0, 1, 2, 3, 4, 5, 6, 7, 8, 9
A, B, C, d, E, F, g, H, I, J, k, L, n, O, P, r, S, t, U, y
(messages are case-insensitive, but can't display all characters)
This walk signal was previously used in Cortland, New York. I was able to pick it up at Active Suprlus for $30.
The back has 3 wires coming out. The centre is common. Hooking common up 120 VAC to one of the other 2 wires activates either the hand or walk signal. This model had no way to activate the countdown timer.
I decided to leave the hand/walk control as-is and to interface with the countdown LEDs directly.
All of the source code for this project is posted on GitHub.
This project was made web-enabled using a Spark Core Wifi Module. It's an Arduino-like microcontroller (but more powerful) and is used to add WiFi connectivity + cloud services easily to your project. All of the firmware was developed in their web IDE and flashed via WiFi - very cool! The sign is connected to the Spark Cloud and this page interacts with the device through their cloud infrastructure.
Wiring it up
The LEDs were grouped in either 3s for a short segment or 5 for a longer segment. I tried to match the brightness of the LEDs with the other signals. By experimentation I found that ~50 mA through the LED segment was about the brightness I was looking for. On a 12V supply, this was accomplished with an 11 ohm resistor for the 5-segments and a 96 ohm resistor for the 3-segments. I had to assembly custom resistors to get these values from my stockpile.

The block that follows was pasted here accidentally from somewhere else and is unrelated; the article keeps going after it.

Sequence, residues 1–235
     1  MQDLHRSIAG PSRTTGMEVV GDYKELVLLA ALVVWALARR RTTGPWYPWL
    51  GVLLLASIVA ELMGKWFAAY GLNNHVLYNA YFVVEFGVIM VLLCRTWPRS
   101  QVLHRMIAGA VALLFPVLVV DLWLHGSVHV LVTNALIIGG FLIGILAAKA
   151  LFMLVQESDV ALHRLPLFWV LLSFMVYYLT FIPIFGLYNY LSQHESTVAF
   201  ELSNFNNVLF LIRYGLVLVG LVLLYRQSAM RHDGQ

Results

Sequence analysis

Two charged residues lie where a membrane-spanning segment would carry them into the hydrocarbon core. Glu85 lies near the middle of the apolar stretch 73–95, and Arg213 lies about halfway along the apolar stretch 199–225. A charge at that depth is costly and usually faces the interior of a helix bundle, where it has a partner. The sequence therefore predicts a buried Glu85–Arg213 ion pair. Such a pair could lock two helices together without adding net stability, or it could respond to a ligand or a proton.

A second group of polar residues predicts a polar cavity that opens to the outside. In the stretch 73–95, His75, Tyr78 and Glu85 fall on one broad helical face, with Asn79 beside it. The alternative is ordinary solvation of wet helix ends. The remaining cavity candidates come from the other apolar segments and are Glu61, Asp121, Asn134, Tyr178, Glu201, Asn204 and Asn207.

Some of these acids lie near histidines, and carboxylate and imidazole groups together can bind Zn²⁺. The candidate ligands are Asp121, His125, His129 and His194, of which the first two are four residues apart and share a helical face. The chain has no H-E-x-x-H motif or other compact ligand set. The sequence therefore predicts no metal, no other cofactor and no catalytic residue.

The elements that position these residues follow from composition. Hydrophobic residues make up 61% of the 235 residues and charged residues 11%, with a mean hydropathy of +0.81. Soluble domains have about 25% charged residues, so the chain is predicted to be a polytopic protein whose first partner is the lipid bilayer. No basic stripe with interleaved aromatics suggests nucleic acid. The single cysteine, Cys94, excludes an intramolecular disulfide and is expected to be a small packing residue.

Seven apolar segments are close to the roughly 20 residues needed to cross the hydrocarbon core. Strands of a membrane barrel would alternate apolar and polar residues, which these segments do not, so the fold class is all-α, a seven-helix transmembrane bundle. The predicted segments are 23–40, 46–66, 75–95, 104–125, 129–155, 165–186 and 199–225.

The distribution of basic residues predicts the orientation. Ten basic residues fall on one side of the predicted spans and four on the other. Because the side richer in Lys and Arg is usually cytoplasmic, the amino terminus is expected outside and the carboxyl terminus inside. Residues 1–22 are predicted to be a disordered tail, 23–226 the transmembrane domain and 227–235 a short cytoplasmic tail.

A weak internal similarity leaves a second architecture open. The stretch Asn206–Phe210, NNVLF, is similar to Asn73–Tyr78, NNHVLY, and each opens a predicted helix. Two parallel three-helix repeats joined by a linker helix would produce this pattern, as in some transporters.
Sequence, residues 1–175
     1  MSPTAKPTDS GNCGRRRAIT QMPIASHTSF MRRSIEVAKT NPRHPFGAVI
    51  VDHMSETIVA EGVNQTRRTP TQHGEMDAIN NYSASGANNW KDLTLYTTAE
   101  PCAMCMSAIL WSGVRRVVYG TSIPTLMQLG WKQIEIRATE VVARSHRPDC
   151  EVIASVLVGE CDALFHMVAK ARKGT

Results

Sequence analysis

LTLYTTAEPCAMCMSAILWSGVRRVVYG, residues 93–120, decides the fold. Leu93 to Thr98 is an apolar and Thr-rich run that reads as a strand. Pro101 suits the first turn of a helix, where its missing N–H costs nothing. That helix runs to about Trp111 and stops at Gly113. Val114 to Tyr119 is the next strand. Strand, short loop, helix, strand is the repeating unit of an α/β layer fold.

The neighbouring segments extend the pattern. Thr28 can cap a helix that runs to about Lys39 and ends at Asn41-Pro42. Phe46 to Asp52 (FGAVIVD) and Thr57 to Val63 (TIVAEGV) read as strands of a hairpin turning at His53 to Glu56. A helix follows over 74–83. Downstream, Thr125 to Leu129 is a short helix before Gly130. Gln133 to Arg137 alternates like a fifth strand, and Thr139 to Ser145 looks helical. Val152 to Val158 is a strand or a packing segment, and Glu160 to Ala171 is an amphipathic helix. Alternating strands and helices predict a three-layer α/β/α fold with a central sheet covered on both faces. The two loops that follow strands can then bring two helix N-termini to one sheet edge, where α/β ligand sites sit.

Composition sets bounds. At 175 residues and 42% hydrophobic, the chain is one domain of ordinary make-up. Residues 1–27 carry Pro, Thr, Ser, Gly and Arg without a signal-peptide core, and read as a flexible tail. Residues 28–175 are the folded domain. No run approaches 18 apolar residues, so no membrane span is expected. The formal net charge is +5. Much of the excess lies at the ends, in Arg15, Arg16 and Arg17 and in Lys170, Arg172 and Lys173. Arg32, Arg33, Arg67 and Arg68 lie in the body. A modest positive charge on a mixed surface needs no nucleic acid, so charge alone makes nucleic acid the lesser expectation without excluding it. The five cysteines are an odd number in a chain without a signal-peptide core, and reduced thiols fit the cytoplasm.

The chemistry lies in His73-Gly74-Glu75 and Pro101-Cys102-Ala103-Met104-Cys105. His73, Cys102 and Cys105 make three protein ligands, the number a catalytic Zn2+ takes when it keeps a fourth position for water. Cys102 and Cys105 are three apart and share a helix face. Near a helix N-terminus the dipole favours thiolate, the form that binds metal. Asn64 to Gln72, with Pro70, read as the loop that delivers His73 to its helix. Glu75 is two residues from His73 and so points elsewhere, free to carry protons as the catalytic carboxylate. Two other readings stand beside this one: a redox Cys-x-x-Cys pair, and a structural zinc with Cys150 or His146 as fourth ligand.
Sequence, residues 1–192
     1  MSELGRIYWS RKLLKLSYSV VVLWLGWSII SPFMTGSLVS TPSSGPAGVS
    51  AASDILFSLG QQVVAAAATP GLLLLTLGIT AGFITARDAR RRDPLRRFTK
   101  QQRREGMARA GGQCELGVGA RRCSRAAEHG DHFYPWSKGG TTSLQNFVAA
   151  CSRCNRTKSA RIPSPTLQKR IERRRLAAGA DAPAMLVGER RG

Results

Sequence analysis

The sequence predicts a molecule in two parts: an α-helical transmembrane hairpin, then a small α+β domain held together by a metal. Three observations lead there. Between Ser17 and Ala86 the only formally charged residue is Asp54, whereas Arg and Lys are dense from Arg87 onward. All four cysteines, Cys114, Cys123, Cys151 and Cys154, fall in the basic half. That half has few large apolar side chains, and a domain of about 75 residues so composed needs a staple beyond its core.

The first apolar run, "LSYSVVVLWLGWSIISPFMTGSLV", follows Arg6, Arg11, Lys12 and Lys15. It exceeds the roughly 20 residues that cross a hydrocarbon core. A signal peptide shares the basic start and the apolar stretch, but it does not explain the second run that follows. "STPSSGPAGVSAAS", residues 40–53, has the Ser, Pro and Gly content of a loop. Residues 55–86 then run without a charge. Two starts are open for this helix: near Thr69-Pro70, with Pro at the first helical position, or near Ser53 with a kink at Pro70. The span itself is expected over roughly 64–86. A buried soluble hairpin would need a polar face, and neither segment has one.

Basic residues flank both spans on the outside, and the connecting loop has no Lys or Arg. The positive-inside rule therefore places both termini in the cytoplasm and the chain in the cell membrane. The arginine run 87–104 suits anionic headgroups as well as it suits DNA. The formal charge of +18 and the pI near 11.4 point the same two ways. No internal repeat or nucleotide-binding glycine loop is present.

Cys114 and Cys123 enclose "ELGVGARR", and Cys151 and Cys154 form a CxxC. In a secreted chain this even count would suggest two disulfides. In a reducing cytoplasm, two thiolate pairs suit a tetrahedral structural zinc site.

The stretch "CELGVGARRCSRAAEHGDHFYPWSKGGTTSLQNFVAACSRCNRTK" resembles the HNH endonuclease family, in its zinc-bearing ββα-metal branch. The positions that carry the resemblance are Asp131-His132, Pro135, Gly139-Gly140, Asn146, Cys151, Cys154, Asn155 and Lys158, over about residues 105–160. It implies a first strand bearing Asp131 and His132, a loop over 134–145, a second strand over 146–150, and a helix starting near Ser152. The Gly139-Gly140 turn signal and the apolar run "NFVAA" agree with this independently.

The Spark Core is connected to two MCP23008 8-bit I2C IO Expanders. The IO Expanders are connected to two ULN2803 darlington transistor arrays. This allows us to control the LEDs with 12V. Each ULN2803 output sinks 50 mA of current. When all 14 segments are lit, 8.4 W is being consumed.
I looked into interacing with the hand/walk LEDs directly as well. However, the way they were wired would have required high ( > 50 V) DC voltage to power them. Though I normally stay away from dealing directly with high AC voltage, in this case it was far easier than interfacing directly.
I used the PR26MF1 solid-state relay chip. The high voltage side is optically isolated from the low voltage inputs. The IO expander connects directly to the low voltage side. When the input pin is high, the high voltage pins are connected and either the hand or walk signal is shown. When a hand or walk signal is shown, 11 W is being consumed.
The Spark Core was very easy to work with and made the interactive portion of this project a reality.
The sign could be used more permanently as a live updating weather display or more impractically to scroll your text messages. It is a WiFi-connected internet of things device now, so the possibities are nearly endless.
If you liked the project or write-up, add a comment below or send me an e-mail at